Director of Teachers’ Retirement System: Illinois is in a ‘Fiscal Mess’
Staff who oversees Illinois teacher pensions spoke to about 1,000 teachers at Carl Sandburg High School Thursday night about how the state might change retirements, Sun Times Media reports.
Dick Ingram, who serves as executive director for Teachers’ Retirement Systems, didn’t have much good news for teachers last week.
He spoke Thursday to about 1,000 teachers at Carl Sandburg High School regarding Gov. Pat Quinn’s plans to rework the ailing and woefully underfunded state pensions, according to a Sun Times Media report by Steve Metsch.
“It’s pretty clear the state of Illinois in a real fiscal mess,” Ingram said.
Ingram further noted that TRS could be tapped out of money by 2030, according to the report.
Illinois now has underfunded pensions by $85 billion, of which $43.8 billion is TRS.
One of the most talked about scenarios involves the state putting its agreed upon contribution to TRS back on local school districts, which administrators and board members believe will inevitably end up on the backs of taxpayers.
Officials in Lemont High School District 210 and Lemont-Bromberek Combined School District 113A publicly expressed their opposition to the plan last month, claiming the shift would have devastating effects on the quality of education in Lemont.
According to District 210 officials, taking on the responsibility of teacher pension payments would cost an estimated $730,000 each year. The cost is equivalent to the salaries and benefits of 11 Lemont High School teachers—or more than 10 percent of the school’s faculty—and represents more than 60 percent of the school’s annual budget for extracurricular activities and athletics, officials said.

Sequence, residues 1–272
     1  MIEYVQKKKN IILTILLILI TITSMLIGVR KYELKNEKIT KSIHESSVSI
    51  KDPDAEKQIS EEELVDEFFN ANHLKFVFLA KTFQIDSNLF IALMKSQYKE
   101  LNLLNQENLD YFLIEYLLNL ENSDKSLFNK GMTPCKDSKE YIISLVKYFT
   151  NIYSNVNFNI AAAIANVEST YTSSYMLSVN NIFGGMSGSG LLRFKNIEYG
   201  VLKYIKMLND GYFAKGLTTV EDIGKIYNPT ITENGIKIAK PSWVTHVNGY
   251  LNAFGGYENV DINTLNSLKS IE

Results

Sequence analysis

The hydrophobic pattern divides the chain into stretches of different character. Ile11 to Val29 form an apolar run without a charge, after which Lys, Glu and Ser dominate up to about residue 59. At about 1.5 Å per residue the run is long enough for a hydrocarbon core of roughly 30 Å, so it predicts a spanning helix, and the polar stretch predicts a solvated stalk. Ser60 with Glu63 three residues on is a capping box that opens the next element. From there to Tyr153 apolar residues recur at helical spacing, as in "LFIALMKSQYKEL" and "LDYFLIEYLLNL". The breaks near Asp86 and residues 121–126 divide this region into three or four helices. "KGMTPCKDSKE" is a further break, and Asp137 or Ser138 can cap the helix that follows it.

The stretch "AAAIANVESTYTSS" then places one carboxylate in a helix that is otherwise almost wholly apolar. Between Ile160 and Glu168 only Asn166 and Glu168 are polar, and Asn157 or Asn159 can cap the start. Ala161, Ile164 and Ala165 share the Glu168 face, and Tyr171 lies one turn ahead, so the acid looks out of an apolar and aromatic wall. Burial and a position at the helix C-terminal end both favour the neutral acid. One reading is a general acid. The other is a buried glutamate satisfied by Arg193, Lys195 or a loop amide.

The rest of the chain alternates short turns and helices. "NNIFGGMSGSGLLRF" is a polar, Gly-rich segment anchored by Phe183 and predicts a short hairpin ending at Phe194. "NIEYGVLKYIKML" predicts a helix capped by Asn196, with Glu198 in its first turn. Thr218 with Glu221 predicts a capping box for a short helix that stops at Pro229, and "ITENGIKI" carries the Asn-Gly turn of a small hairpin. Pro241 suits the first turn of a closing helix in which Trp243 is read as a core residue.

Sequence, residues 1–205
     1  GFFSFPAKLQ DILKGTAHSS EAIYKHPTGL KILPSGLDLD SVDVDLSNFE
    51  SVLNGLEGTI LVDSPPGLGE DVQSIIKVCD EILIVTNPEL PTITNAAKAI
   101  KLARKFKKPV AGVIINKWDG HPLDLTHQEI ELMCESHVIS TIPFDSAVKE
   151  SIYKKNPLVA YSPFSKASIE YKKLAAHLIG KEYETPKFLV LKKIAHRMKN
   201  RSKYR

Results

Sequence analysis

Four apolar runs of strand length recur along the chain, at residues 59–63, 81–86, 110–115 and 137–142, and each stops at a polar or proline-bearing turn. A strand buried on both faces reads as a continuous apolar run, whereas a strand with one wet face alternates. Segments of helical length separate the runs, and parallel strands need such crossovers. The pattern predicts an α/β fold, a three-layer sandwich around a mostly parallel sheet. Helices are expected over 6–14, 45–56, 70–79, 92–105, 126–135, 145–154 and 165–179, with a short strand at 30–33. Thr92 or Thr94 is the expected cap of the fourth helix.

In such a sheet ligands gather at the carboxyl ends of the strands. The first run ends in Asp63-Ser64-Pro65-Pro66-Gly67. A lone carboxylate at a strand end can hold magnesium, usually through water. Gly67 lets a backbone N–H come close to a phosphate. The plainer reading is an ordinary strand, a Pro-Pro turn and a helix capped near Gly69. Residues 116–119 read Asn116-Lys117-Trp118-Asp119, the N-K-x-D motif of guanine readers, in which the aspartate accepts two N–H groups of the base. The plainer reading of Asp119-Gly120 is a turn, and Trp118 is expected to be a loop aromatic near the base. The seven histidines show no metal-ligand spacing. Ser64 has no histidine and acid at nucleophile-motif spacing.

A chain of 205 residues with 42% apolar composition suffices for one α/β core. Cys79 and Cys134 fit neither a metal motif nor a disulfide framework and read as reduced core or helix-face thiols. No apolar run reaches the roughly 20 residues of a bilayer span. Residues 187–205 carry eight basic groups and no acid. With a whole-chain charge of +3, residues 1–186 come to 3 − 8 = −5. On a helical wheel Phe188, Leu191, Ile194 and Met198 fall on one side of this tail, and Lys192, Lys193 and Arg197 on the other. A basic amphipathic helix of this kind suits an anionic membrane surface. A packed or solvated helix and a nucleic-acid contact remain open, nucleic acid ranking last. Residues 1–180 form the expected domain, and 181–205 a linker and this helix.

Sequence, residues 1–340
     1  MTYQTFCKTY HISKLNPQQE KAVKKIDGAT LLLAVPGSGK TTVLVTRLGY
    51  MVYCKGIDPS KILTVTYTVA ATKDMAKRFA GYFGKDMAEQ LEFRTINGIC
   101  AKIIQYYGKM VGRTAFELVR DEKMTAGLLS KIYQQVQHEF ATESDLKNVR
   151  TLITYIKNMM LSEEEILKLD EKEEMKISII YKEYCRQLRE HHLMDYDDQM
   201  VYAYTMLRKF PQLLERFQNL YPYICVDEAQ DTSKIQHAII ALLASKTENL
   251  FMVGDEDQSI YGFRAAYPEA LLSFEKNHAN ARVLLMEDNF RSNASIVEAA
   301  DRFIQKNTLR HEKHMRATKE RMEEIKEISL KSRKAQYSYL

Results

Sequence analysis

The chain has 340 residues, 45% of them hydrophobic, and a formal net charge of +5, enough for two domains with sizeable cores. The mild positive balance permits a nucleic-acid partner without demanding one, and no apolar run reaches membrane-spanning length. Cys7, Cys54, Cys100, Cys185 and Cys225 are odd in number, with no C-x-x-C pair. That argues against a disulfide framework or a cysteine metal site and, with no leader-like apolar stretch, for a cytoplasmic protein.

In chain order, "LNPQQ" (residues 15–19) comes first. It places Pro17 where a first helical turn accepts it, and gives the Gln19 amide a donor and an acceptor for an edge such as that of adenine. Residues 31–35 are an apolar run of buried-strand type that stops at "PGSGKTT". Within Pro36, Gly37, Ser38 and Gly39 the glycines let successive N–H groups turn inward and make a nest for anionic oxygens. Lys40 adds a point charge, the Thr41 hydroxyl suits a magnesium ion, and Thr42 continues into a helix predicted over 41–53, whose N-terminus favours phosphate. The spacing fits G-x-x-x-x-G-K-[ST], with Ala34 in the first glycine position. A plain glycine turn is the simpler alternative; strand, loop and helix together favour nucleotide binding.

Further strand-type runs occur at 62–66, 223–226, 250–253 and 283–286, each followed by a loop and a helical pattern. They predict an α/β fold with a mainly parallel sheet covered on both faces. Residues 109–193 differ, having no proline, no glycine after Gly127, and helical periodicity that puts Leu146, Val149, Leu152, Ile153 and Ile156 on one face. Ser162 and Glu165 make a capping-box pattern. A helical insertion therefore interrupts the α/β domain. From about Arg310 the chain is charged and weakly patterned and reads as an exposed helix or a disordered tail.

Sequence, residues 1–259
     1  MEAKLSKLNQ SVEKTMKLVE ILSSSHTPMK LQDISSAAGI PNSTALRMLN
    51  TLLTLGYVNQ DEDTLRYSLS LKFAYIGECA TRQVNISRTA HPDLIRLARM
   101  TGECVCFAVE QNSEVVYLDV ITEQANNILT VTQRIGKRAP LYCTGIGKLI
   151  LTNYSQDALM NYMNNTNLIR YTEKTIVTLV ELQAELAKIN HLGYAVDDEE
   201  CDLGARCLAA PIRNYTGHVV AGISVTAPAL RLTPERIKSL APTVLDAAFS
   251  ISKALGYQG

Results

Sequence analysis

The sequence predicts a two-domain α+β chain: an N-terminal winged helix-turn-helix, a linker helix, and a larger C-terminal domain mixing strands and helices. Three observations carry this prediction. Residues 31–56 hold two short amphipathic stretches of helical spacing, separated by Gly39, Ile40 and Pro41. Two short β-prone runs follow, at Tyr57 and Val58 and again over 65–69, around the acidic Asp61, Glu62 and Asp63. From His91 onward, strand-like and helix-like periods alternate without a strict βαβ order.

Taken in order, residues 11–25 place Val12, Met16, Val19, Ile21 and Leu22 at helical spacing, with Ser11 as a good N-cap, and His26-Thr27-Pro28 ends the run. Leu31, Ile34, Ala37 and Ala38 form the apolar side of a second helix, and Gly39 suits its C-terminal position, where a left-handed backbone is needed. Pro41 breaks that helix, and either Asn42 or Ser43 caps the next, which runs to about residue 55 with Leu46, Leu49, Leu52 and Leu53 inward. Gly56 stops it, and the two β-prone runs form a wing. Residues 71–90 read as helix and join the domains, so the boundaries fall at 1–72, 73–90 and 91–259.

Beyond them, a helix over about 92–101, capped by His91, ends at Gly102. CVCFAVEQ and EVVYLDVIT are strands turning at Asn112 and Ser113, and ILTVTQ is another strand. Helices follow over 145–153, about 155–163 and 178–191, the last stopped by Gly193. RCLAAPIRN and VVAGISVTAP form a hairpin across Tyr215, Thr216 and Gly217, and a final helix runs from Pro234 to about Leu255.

"Lemont High School is in much better financial condition than most school districts, and this will have dramatic effects on our efforts to educate our students,” District 210 Superintendent Sandy Doebert said last month. “I can't imagine what districts that are not financially healthy will have to do. I also can't imagine what the state will do when school districts across the state cannot meet their financial responsibilities as a result of this unfunded mandate."
District 113A Interim Superintendent Robert Madonia said Tuesday that the administration is in the process of putting together information on the possible ramifications of Quinn's proposal.
Last month, he said the proposed pension plan “would completely negate” the financial progress District 113A has made over the past three years.
“If this plan were to pass, it would be detrimental not only for schools in Lemont, but for almost all schools across the state,” he said. “District 113A and many other school districts have already made dramatic cuts. We simply cannot afford this; it would destroy public education.”
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